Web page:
Forty-nine teams from across the U.S., Canada, China and Singapore had traveled to this year’s competition, held July 23-28. Each of the participating teams, which are composed of five high-school students, won the Envirothon competition in their region, qualifying them to advance to the international competition. This event would test their knowledge of soil and land use, aquatic ecology, forestry, and wildlife management through written tests and interactive stations. This year, these topics featured New Brunswick’s natural resources. The teams also took tests and prepared oral presentations on this year’s current issue: “Adapting to a Changing Climate.”

The Oregon team from Logos Public Charter School in Medford won the 2023 Oregon Envirothon in May. OFRI organizes and sponsors the statewide qualifying competition, which is held at The Oregon Garden in Silverton each spring. 

To prepare for the NCF-Envirothon, the Logos students — who called their team “Rogue Pack Alpha” — arrived in New Brunswick the week before the competition to train and become familiar with the region’s natural resources. Their teacher, Christopher Van Ness, had scheduled time for them to work in the field with representatives from the Canadian Forest Service and the Canadian Wildlife Service. 

The first day of the competition was an extensive team training day. All students went through a trial run of the test stations. The next day was the real thing. As team members boarded the buses to the testing site, they were not allowed any electronic devices. Wednesday, the teams took a day off and enjoyed a field trip to the Bay of Fundy. 

Thursday was prep day for the oral presentation, and teams were sequestered separately and given the current-issue topic. They had six hours to prepare a 20-minute oral and visual presentation on the issues surrounding saltwater marshes in the Tantramar region, which is between New Brunswick and Nova Scotia. To give you a sense of how serious this competition is, students were provided with pencils and only allowed to bring a water bottle. All bags were searched before students went into sequestration to ensure no team had an unfair advantage. 

On Friday morning, the last day of the competition, the teams gave their presentations in front of five highly educated and experienced judges. I watched from the audience when the Oregon team presented, and they did a great job. It was hard to believe they only had six hours to prepare for a presentation on such a very complicated topic. 

The week ended with an award ceremony, and the Oregon team placed 13th overall.

Envirothon’s vision is to create future conservation leaders. Watching and listening to students at the competition showed me the level of commitment, talent and knowledge they possess. It’s easy to imagine these students in leadership roles! I’m proud that OFRI supports and sponsors the Oregon Envirothon program to raise up the next generation of natural resource professionals.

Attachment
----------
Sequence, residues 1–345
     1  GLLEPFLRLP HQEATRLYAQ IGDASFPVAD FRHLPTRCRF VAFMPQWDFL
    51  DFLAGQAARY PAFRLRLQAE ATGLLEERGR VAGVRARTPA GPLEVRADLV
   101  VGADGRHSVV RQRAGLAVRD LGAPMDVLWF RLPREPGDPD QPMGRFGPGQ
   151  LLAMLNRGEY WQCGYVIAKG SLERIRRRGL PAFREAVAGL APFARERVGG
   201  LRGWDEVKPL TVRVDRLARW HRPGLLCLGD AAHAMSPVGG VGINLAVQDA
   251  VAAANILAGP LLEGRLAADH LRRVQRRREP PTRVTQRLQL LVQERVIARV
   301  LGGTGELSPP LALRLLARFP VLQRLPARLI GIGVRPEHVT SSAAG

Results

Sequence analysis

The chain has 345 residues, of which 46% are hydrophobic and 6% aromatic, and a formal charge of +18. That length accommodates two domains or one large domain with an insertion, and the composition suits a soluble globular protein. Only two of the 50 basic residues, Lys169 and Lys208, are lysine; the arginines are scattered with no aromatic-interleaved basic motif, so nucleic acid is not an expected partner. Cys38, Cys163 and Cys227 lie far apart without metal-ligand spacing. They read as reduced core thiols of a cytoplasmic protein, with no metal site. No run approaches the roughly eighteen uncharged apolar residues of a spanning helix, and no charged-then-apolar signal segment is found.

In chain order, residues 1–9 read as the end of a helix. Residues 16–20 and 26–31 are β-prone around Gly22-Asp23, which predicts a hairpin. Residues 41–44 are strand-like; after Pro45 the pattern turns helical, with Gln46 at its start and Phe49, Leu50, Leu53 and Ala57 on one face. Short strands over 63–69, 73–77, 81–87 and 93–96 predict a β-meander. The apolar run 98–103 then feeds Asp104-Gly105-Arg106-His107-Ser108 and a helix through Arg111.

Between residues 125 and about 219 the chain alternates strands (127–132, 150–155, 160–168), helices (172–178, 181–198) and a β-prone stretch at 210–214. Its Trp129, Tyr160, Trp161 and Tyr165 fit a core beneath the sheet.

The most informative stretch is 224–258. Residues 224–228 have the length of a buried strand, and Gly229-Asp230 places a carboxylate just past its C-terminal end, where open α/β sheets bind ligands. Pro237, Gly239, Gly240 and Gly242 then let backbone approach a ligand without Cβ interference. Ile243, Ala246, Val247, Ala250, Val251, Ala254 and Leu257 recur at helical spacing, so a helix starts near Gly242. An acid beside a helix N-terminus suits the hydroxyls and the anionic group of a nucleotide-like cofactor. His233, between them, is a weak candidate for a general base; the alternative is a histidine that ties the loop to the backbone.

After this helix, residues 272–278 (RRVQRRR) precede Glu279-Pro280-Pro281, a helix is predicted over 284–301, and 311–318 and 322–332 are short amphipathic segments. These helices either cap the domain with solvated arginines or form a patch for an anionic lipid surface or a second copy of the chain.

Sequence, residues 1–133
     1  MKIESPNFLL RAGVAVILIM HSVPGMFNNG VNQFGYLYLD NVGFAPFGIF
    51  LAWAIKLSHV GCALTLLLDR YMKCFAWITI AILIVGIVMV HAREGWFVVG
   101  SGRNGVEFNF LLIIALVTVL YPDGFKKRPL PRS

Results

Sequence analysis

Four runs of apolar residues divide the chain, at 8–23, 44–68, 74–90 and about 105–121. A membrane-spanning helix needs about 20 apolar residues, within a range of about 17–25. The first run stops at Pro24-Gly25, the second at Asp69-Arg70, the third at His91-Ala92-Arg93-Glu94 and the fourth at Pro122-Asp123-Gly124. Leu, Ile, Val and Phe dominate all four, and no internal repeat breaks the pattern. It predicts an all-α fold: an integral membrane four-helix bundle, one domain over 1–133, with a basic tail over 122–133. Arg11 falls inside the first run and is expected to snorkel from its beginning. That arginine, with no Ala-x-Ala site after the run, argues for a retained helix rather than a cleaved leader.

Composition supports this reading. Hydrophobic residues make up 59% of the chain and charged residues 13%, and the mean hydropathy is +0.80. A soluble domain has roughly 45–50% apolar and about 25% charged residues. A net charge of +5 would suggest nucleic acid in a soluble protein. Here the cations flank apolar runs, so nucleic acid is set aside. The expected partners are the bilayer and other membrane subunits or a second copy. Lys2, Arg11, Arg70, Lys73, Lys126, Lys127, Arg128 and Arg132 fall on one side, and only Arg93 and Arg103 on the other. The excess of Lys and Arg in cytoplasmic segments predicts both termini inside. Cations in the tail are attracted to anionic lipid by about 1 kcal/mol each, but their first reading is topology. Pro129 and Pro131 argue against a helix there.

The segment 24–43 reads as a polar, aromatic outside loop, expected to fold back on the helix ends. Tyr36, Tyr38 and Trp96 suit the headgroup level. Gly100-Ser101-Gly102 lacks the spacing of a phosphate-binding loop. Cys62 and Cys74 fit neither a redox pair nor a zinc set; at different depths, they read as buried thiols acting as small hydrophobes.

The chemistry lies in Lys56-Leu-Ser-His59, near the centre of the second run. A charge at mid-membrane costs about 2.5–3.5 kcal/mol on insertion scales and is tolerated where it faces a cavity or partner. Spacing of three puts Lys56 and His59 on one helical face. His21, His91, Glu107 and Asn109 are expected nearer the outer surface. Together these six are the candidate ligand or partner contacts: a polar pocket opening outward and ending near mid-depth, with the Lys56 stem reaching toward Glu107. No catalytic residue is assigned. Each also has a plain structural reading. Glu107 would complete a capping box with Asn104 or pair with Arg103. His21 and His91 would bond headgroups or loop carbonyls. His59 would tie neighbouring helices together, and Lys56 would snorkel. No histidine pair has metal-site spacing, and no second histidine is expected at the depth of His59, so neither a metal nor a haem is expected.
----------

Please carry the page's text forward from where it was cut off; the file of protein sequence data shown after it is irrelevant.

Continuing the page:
Norie Dimeo-Ediger
Director of K-12 Programs


Understanding nesting seasons of protected bird species is part of good forest management

I love being in the woods. I don’t care if it’s just for a moment, or weeks at a time. As soon as my boots hit the dirt, I feel a sense of connection I don’t feel anywhere else. I imagine many of us who work in the woods feel this way – even if we don’t get out there as much as we would like. 

As a wildlife biologist, when I’m among the trees I particularly tune in to the birds you can find in the forest. I like hearing them, seeing them and observing their behavior. In my job I spend quite a bit of time with foresters, loggers and others who work in the woods, helping them understand which kinds of birds have special protections under state and federal law – things they must consider when planning a timber harvest or other forest operation. 

There are several species of birds called out in the Oregon Forest Practices Act, which regulates forest management practices on state and private forestland. These species require protections when forest operations could conflict with nesting. Each species has a different biology, and therefore different protections based on how and when they nest and the needs of their young.  

Bald eagle perched in a tree.

I recently helped the Oregon Forest Resources Institute’s Wildlife in Managed Forests program develop a new publication for forest landowners, managers and operators to help them understand the varied protections for bird species required by the Oregon Forest Practices Act. The Wildlife in Managed Forests: Forest Practices Act Reference Series outlines these protections for a variety of bird species. It describes specific protection requirements for each of the nine bird species featured in the pamphlet, including a chart showing the critical nesting times when special protections are required for the species.